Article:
Appeals court reinstates California recall vote
Gubernatorial election gets green light for October 7
CNN's Bob Franken reports on the ACLU's decision not to appeal.
With a date set for the recall, the Californian Republican Party wants to rally voters around one GOP candidate. CNN's Kelly Wallace reports
SAN FRANCISCO, California (CNN) -- Barring some unforeseen move, California voters will decide in two weeks whether to kick Democratic Gov. Gray Davis -- under fire for his stewardship of the state's economy -- out of office.
The state's unprecedented gubernatorial recall election got the green light Tuesday from the 9th U.S. Circuit Court of Appeals, which overturned last week's decision by a three-judge panel of the same court to postpone the October 7 vote until March.
The American Civil Liberties Union, which had sought the postponement, indicated it would not appeal Tuesday's ruling to the U.S. Supreme Court, suggesting the recall election is in the clear.
The unanimous ruling by an 11-judge panel of the 9th Circuit came less than 24 hours after a hearing at which the ACLU argued that the recall election should be delayed until March when some counties would be able to replace outdated and unreliable voting equipment.
But the judges rejected that claim, concluding that more harm would come from postponing the election than allowing it to move forward.
"There is no doubt that the right to vote is fundamental, but a federal court cannot lightly interfere with or enjoin a state election," the 11 judges ruled.
The judges said that "hundreds of thousands" of absentee voters already have cast their ballot and that the candidates have crafted their campaigns to coincide with the October 7 election.
"These investments of time, money and the exercise of citizenship rights cannot be returned," the ruling said.
The judges said the ACLU had raised some valid points, particularly as they relate to the claim that the use of punch-card ballots would disproportionately affect minority voters.
That machinery is used in six counties with large minority populations, and the six counties make up about 44 percent of registered voters.
But the judges said such a claim of voting mishaps was only a "possibility," not "a strong likelihood."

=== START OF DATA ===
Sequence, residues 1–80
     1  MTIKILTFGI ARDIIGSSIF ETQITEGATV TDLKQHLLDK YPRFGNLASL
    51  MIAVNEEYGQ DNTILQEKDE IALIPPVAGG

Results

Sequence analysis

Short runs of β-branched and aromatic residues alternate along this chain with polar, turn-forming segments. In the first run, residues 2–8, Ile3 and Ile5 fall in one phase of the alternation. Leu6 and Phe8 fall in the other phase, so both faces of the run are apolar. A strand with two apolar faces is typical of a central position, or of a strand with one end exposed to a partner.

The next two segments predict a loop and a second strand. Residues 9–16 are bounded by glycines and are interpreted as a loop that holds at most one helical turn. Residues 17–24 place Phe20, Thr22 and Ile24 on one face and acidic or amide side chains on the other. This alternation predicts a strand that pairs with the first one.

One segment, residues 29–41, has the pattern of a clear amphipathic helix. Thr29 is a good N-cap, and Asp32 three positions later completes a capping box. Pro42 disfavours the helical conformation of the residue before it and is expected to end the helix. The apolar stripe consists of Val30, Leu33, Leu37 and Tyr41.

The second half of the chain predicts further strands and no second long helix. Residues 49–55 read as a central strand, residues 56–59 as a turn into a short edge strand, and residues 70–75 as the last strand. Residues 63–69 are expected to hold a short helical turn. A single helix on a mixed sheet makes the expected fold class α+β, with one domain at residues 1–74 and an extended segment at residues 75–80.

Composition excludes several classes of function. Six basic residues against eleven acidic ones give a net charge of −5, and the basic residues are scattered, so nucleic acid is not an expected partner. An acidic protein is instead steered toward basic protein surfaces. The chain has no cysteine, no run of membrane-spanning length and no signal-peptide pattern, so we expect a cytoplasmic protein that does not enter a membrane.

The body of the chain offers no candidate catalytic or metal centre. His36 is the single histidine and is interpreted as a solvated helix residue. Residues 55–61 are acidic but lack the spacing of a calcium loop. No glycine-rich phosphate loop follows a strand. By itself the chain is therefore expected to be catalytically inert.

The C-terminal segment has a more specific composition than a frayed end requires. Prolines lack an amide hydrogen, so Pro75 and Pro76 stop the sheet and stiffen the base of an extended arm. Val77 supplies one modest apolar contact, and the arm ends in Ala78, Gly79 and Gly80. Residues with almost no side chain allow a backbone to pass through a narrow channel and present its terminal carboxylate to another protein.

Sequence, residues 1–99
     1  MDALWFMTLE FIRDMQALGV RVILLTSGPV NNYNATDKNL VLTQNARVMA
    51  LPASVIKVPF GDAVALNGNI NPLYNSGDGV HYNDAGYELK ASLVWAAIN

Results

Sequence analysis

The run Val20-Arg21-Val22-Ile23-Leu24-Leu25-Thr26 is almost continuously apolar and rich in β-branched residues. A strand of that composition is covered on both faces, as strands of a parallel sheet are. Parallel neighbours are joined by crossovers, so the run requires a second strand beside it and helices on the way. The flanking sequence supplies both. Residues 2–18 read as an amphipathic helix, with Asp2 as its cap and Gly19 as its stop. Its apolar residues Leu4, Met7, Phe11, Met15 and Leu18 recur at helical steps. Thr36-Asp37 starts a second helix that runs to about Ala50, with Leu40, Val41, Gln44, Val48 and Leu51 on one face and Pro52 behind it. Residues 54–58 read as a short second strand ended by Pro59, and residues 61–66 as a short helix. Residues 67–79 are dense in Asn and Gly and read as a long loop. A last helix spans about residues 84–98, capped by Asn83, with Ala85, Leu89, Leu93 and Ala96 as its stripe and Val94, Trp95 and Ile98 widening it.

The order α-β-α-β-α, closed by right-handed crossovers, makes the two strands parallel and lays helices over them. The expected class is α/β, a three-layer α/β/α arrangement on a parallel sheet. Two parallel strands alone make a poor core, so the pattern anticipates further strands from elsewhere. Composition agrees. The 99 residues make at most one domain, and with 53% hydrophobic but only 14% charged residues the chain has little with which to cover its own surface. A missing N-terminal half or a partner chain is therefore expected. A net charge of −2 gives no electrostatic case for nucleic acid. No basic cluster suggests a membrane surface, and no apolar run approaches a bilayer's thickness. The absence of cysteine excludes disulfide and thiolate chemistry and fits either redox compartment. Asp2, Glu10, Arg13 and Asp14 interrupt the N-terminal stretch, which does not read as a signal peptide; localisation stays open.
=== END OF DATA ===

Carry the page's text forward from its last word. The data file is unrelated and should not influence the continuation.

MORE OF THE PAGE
A coalition of civil rights groups originally had sought to delay the election in U.S. District Court, which denied the request.
But the three-judge appeals panel granted it last week -- a move that turned out to be short-lived with Tuesday's ruling.
As it stands, Californians will face a two-part vote on October 7. They will decide whether Davis should be ousted. They also will pick a replacement -- choosing from 135 names on the ballot -- in case Davis is recalled.
Voters also will consider two statewide initiatives: Proposition 53, a proposed constitutional amendment requiring that a portion of the state budget be set aside for infrastructure spending, and Proposition 54, a measure that would restrict the ability of government agencies to collect racial data.
Kevin Shelley, California's secretary of state and chief elections officer, commended the judges on what he said was "their carefully reasoned deliberation and -- perhaps most importantly -- swift opinion."
An aide to Lt. Gov. Cruz Bustamante -- who was required by the California Constitution to set the date for the election -- said her boss, the leading Democratic contender in the recall race, also was pleased that the decision was a quick one.
"There are many important issues facing Californians, and now we can move on and let the people decide who they want to lead them," said Lynn Montgomery, chief of staff for Bustamante.
A spokesman for Arnold Schwarzenegger, the leading Republican candidate, hailed the ruling as "good news."
"The election has been ongoing with absentee ballots, hundreds of thousands of votes have already been cast, and now is time to move on to Election Day on October 7," said spokesman Sean Walsh.
A spokesman for an anti-recall group suggested his organization would not pursue further legal appeals but called on officials to make sure the election would be fair.
"It is time to move forward, but it is now doubly important that counties do everything in their power to make sure every single vote is counted," said Peter Ragone, communications director for Californians Against the Costly Recall.
Meanwhile, the Republican congressman who financed the California recall effort says one of the party's leading candidates should quit the race to keep Bustamante from winning the seat, if Davis is ousted.
U.S. Rep. Darrell Issa, who represents portions of Southern California, said Tuesday Schwarzenegger or state Sen. Tom McClintock should get out of the race in the next two days, but he would not say which one he wants to stay in.
He said he would campaign against one of them if a split Republican vote threatened to give Bustamante the governorship if the recall effort succeeds.
"Both of them can do the math, and both of them don't want to be spoilers," said Issa, who put up more than $1 million of his own money to help organizers get the recall on the ballot.
"One of them has to make the right decision and has to make it in the next two days."
Meanwhile, Davis hit the campaign trail with another high-profile Democrat, part of a bid to cast the recall as some sort of national referendum.
Democrats are trying to depict the recall election as an effort by Republicans to overturn an election they could not win in November, when Davis was re-elected to a second term.
Davis held a news conference to discuss homeland security with Democratic presidential candidate Sen. Joe Lieberman of Connecticut in Santa Ana, while Schwarzenegger held a town hall meeting in Sacramento.
On Wednesday, the leading recall candidates -- including Schwarzenegger who has skipped earlier forums -- will gather for a debate.